Mar 172006

A New Member of the Internet Axis of Evil

A New Member of the Internet Axis of Evil

Fred has written a series of postings over the years about the Internet Axis of Evil, roughly in order here, here, here, here, and here (I’m sure I missed some).  The basis of the postings is great — that, as Fred says:

There’s a downside to an open network. It’s the same downside that exists in an open society. There are a lot of nuts out there who want to do bad things (the evildoers as George W Bush calls them). And we all have to spend a lot of time and money making sure that we are protected from them. It’s a huge burden on an open network and an open society, but i see no way around it.

So far, the members of Fred’s club are:

DNS Hacking
Comment Spam/Link Spam
Click Fraud
Really Simple Stealing

So today, I propose a ninth member of this esteemed club:  Survey Fraud.  A lot of people don’t know it, but one of our biggest businesses at Return Path is market research — or a subset of market research known as online sample.  Our brand for this part of our business has historically been Survey Direct , but next week, entirely appropos of this posting, we are changing the name to Authentic Response.

What we do in this business is work with market research firms to drive qualified, interested, double opt-in members of our research panel to take online quantitative surveys.  It’s a little like the email database marketing business (which is why we’re in it), although the dynamics of qualifying for and taking surveys are totally different than lead generation, and we have a separate team that supports the research business.

Occasionally, surveys carry a small cash incentive, usually in the $2-5 range, to thank people for the time they spend taking the survey, which can often be 15-20 minutes.  Usually we just pay people via PayPal, although we also allow people to donate their incentives to our favorite charity, Accelerated Cure.  You’d think at $2 a pop, it’s not so interesting, but there seems to be a cottage industry that’s sprouting up that I’m now calling Survey Fraud — the art of faking your way into a survey or completing a survey multiple times, in order to collect as much incentive money as possible.

First, there are message boards on the Internet where the Survey Fraud perpetrators hang out and share information with each other about surveys — things like “hey for XYZ survey, you need to be a 40-year old homemaker in zip code 12345 with a college degree” that encourage people to fake their way in.

Second, there are more serious thugs out there who write bots and scripts and create dozens or hundreds of phantom online identities in order to “take” a single survey 100 times over.  $2 adds up when you can earn it 100x in 5 minutes with the help of a little Perl script.

The people who conduct Survey Fraud are just as pathetic as the other members of the Internet Axis of Evil.  We have to constantly stay 10 steps ahead of them in making sure our system has state of the art security — a feature we are trademarking called Authentic Validation — in order to fend them off and make sure our clients get 100% authentic survey results as promised.  I can’t share with you our complex security methodology, since that would compromise it (geez, I sound like the White House, sorry), but as Fred says, it’s a huge burden that we have to bear in order to run our survey business on the Internet.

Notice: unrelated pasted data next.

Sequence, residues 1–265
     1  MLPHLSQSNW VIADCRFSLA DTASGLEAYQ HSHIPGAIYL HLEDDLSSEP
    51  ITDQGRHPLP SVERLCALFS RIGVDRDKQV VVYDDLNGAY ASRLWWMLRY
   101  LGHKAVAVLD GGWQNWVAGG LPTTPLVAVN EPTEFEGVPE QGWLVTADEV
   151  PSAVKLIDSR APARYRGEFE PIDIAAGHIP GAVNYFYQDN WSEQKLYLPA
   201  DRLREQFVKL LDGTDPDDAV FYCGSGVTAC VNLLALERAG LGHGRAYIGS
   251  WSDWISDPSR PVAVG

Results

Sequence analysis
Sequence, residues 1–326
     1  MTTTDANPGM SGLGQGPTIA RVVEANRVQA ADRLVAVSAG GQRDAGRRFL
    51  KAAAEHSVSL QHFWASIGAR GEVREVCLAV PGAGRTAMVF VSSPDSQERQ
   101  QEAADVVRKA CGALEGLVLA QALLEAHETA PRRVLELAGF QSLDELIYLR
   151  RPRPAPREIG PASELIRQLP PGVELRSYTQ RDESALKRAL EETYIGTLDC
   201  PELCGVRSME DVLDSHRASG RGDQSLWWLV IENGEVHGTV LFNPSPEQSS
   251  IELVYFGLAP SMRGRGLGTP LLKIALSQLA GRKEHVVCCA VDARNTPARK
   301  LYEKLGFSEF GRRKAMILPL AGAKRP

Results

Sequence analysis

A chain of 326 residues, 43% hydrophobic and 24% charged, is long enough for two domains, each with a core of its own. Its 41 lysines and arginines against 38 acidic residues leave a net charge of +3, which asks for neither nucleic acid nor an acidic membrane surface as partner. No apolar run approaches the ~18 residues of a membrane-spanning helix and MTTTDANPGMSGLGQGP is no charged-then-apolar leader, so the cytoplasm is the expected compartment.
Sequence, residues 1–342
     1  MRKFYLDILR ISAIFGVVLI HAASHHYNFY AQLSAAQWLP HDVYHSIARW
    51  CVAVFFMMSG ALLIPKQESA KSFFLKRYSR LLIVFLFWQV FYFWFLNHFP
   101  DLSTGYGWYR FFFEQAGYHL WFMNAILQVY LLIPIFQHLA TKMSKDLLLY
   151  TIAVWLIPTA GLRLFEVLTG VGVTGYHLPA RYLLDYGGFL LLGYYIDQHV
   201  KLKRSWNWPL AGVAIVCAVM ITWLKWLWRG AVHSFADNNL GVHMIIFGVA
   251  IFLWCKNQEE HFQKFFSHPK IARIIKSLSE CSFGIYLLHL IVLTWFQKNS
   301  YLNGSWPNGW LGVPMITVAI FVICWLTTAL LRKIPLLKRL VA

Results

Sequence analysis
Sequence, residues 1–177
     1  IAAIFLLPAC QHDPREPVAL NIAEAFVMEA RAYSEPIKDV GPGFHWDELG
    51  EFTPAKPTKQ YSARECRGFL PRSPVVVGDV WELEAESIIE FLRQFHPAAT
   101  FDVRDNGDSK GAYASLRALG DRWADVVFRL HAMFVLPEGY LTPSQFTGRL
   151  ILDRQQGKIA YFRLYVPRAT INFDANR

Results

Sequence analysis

So congratulations to our Authentic Response team on their new name and their constant efforts to fight the Axis of Evil, and to all who commit Survey Fraud, please take your “business” elsewhere!

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  • Zoli Erdos

    Does most survey spam come from outside the US, from countries where $2 is a decent amount?

    If not, scripts make sense for the fraudsters but I can’t see how they ‘scale’ manual fraud to the point it’s worth doing…

  • Bobby
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  • Matt

    This is funny because I was looking at your company as the frauds. You send out email to people to fill out your surveys promising money for their time with nothing telling them they have to “qualify” for the survey. People like myself then give you all of our company information and our time only to be told that we do not “qualify”. I was promised money for my time, where is it?
    I hope you understand why I find it hard to feel sorry for your company if you have attracted the bottom-feeders of the internet. It looks like you brought that upon yourself.

  • Matt Blumberg

    To the previous commenter — who didn’t leave an email address, so I can’t contact him privately — we are pretty clear when we invite people to join our panel NOT to advertise the panel as a place to make money, unlike a lot of other research web sites out there.

    It is true that we promote an incentive with specific surveys, and yes, it is true that one has to qualify for the survey. But that doesn’t make us fraudulent — it makes us careful market researchers who want to make sure that our clients are only getting responses from truly qualified respondents.

    I am sorry you haven’t yet qualified for a survey, and we are always trying to do the best job we can at targeting surveys to people who will LIKELY qualify for them, but we don’t always have enough data to get that right up front. I’m sure you will eventually qualify for something and be appropriately reimbursed for your time.

    But comparing us to criminals who write scripts to systematically steal money? That’s beyond not fair.



    I’m new to this blog. Apologize for asking this though, but to OP…
    Do you know if this can be true; ?
    it came off
    Thanks :)